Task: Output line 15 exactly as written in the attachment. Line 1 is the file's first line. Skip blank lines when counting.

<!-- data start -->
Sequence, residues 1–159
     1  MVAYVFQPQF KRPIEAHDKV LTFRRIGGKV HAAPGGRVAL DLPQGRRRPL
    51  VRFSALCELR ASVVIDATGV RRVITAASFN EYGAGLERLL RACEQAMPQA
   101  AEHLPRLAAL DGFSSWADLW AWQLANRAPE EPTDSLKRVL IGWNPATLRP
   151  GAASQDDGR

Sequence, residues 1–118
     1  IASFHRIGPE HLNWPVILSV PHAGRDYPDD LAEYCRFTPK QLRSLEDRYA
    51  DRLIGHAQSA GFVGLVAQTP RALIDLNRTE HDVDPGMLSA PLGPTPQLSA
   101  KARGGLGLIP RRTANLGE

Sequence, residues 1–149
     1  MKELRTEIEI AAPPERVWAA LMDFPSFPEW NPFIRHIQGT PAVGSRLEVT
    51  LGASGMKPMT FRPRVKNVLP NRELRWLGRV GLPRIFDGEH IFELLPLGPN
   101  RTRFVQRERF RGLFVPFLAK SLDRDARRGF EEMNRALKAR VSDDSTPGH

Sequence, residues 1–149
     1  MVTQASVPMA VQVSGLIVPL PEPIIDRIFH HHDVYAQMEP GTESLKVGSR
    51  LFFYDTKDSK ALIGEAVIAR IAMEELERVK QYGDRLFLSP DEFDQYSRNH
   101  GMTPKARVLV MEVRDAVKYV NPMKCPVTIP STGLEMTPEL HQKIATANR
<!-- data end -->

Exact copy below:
     1  MVTQASVPMA VQVSGLIVPL PEPIIDRIFH HHDVYAQMEP GTESLKVGSR